A central Queensland man who vanished in 2012 may have been murdered over a $30,000 drug debt, a Supreme Court judge has been told.

A central Queensland man who vanished more than two years ago may have been killed over a $30,000 drug debt, a court has heard.

Mackay man Timothy Pullen’s alleged killer was denied bail by a Supreme Court judge in Brisbane on Wednesday over fears he could intimidate witnesses.

Zane Tray Lincoln, 35, who is charged with murdering Mr Pullen, is one of five people who have been arrested over his April 2012 disappearance.

The body of the 34-year-old man has never been found.

Prosecutors outlined the case against Lincoln, a Sunshine Coast resident, including allegations the pair had a previous altercation over a $30,000 drug debt before Mr Pullen’s disappearance.

Crown prosecutor Amanda Robinson said phone records reveal extensive contact between Lincoln and two other suspects during Mr Pullen’s alleged murder.

She said the trio discussed a “$30,000 bounty” on Mr Pullen’s head.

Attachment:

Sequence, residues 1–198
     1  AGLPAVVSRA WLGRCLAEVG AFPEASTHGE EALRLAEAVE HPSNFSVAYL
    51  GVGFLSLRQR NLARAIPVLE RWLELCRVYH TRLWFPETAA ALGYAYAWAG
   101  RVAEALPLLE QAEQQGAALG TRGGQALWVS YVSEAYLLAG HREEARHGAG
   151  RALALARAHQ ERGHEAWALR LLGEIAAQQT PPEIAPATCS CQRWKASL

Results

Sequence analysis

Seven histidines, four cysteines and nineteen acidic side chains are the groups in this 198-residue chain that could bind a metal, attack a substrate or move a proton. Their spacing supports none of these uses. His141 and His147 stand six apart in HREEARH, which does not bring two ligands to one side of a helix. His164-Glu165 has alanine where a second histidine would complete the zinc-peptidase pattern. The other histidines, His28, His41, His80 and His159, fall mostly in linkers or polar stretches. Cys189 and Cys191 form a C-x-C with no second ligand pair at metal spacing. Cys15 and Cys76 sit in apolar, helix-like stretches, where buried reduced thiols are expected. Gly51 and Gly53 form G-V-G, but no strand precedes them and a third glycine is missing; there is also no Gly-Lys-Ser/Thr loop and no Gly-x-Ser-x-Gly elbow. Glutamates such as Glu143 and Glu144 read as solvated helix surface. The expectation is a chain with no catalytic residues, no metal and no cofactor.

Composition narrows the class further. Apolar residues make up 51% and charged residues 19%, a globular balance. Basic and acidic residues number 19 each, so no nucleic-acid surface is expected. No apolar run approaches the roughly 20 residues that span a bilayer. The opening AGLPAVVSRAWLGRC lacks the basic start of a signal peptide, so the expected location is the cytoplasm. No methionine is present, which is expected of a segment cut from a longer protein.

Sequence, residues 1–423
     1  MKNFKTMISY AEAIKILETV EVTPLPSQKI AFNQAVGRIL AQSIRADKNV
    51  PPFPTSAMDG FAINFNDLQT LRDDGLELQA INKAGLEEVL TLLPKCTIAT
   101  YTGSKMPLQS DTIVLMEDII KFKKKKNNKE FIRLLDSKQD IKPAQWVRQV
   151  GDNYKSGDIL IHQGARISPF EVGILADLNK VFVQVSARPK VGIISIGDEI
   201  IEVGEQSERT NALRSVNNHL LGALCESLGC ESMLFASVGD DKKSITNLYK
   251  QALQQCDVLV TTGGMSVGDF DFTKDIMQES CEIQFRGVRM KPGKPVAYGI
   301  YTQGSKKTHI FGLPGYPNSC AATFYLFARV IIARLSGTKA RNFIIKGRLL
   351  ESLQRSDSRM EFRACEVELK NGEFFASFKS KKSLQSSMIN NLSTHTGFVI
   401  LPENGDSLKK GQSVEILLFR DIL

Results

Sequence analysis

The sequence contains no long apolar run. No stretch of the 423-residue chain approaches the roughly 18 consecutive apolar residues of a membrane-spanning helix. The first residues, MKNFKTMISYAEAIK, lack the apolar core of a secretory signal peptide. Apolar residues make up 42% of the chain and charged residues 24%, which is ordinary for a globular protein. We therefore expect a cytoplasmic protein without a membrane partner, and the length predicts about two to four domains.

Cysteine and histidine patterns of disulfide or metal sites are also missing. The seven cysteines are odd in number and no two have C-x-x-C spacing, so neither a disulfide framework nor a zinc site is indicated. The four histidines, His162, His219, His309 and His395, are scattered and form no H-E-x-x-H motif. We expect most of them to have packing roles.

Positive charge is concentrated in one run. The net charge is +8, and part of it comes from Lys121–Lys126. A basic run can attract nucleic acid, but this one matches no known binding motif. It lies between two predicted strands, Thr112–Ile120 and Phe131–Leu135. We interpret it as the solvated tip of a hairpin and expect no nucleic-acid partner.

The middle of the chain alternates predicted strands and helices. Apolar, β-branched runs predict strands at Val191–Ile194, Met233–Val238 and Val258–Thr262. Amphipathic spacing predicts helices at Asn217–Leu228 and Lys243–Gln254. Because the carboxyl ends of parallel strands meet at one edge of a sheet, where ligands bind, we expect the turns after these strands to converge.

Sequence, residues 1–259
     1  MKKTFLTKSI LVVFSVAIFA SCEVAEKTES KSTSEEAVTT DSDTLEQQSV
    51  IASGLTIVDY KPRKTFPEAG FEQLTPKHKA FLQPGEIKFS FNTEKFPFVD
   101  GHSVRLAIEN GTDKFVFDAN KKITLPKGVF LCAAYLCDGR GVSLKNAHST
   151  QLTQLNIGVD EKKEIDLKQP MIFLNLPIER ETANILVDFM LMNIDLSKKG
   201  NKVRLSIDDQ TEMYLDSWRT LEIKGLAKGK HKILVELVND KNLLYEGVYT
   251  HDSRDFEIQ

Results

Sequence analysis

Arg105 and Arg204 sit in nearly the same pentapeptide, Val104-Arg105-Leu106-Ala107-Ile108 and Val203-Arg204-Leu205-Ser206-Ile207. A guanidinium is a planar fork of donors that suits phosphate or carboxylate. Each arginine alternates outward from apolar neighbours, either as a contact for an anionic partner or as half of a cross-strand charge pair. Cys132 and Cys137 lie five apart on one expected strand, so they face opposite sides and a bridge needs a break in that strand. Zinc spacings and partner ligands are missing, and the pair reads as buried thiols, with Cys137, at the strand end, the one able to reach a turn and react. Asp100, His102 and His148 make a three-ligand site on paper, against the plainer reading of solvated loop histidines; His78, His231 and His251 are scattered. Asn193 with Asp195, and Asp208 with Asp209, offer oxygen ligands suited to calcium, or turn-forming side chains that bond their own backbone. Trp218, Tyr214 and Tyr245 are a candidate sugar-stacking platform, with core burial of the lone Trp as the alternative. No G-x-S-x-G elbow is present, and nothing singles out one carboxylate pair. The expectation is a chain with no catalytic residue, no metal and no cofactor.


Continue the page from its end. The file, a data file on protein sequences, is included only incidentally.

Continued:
“There’s also that meeting subsequent to the removal of the deceased between two of the co-accused and the applicant where they discuss the clean-up, disposal of evidence, not to speak to police,” she said.

Kiera Jeannette McKay and Nicholas Voorwinden have been charged with Mr Pullen’s manslaughter while Stephen Dale Renwick and Luke Shayne Kister have been charged with being an accessory after the fact.

Ms Robinson referred to a woman who implicated Lincoln in the murder but later retracted her statement.

She added some people had refused to talk to police because they were scared of the father of five, who had a history of interfering with witnesses.

Defence barrister Greg McGuire said the case was “extraordinarily weak” because most of the evidence against his client came from his two co-accused and couldn’t be relied upon.

However, Justice Peter Flanagan refused Lincoln bail, saying there was clearly a case against him and a “real risk” he may interfere with witnesses.

A committal hearing has been set down for November 4 and 5.